Theresa O'Young PharmD


Staying Safe When You Take Several Medicines

Older adults and people with long-term diseases often need to take a lot of pills. That can cause problems. If you take more than one medicine that works the same way, you could get too high a dose. Sometimes medicines work against each other . So it’s really important to ask every doctor you visit to look at your…

Reading medicine labels

1 Information about over-the-counter drugs can be found on labels attached to the product. Sometimes there is more information on or inside the product packaging. 2 An ACTIVE INGREDIENT is the part of the medicine that affects your body in a particular way. If the medicine is a sleeping aid, the active ingredient is…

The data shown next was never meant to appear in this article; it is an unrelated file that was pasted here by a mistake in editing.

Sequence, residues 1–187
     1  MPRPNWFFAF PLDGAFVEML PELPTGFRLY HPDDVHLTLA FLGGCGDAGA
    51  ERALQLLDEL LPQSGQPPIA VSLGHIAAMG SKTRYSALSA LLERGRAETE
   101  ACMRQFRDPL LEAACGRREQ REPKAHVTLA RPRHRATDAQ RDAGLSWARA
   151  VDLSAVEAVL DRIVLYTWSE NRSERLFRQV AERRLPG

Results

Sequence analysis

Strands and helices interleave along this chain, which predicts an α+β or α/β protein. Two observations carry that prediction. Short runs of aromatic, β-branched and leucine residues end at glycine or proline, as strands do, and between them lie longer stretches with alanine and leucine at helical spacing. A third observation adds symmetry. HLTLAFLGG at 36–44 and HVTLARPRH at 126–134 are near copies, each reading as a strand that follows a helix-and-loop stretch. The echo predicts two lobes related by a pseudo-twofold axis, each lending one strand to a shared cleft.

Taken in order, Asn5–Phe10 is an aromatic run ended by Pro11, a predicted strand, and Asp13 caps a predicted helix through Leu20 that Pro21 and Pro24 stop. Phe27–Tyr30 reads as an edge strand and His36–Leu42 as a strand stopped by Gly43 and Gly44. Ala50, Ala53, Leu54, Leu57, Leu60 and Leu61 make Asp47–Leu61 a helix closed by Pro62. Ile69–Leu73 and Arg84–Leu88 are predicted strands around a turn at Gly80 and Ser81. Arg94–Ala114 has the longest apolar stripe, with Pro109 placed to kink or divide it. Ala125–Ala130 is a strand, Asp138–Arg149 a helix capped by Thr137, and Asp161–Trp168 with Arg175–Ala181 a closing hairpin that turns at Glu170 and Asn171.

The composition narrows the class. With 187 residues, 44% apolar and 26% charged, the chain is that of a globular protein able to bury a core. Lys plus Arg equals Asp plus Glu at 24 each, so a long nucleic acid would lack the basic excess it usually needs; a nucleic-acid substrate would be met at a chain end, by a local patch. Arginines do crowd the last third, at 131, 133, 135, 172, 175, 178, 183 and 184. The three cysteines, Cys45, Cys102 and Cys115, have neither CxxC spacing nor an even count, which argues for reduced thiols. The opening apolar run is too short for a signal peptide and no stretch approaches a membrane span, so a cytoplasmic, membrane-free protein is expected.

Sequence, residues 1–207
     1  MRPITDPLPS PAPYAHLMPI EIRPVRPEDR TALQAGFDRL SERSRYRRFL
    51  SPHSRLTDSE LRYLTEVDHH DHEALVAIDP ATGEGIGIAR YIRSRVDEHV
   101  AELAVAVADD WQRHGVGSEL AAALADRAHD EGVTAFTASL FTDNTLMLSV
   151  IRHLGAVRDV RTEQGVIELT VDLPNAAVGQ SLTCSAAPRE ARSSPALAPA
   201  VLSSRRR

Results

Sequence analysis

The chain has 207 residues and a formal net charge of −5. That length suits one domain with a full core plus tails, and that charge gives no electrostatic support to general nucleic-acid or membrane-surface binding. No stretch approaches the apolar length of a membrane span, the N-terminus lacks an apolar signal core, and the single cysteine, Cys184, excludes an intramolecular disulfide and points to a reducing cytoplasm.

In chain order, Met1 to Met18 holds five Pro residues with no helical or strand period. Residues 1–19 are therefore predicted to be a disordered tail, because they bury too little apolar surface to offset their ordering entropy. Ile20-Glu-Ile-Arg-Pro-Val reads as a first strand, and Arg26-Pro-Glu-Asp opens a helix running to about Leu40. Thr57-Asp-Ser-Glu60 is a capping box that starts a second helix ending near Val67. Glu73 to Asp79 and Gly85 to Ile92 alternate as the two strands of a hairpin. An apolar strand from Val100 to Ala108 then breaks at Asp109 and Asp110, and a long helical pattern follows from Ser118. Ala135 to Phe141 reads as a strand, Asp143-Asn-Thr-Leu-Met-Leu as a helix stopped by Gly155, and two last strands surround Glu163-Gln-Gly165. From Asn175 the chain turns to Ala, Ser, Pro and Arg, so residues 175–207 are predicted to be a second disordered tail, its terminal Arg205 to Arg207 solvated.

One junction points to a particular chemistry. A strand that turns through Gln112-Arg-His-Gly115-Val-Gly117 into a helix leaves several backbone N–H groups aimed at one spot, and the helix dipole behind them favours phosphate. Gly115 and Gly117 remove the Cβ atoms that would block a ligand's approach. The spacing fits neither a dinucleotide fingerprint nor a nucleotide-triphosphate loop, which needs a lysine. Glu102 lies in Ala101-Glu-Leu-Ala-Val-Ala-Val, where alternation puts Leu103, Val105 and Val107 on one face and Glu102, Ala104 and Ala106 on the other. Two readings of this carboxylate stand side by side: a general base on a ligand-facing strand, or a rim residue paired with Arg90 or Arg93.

Unlabeled Use

An unlabeled use of a drug is when a doctor prescribes a medicine for a purpose other than that for which it has been specifically designed and approved. Sometimes a drug is prescribed for a specific unlabeled use so often that doctors consider it a common practice. In the United States, the Food and Drug Administration…

Over-the-Counter Medicines

Medicines you can buy without a prescription are called nonprescription or over-the-counter (OTC) medicines. They may be taken to treat minor health problems at home. Examples of over-the-counter medicines are acetaminophen, aspirin, antacids, decongestants, antihistamines, and laxatives. It’s important to talk to your…

Over-the-Counter Medicines

Medicines you can buy without a prescription are called nonprescription or over-the-counter (OTC) medicines. They may be taken to treat minor health problems at home. Examples of over-the-counter medicines are acetaminophen, aspirin, antacids, decongestants, antihistamines, and laxatives. It’s important to talk to your…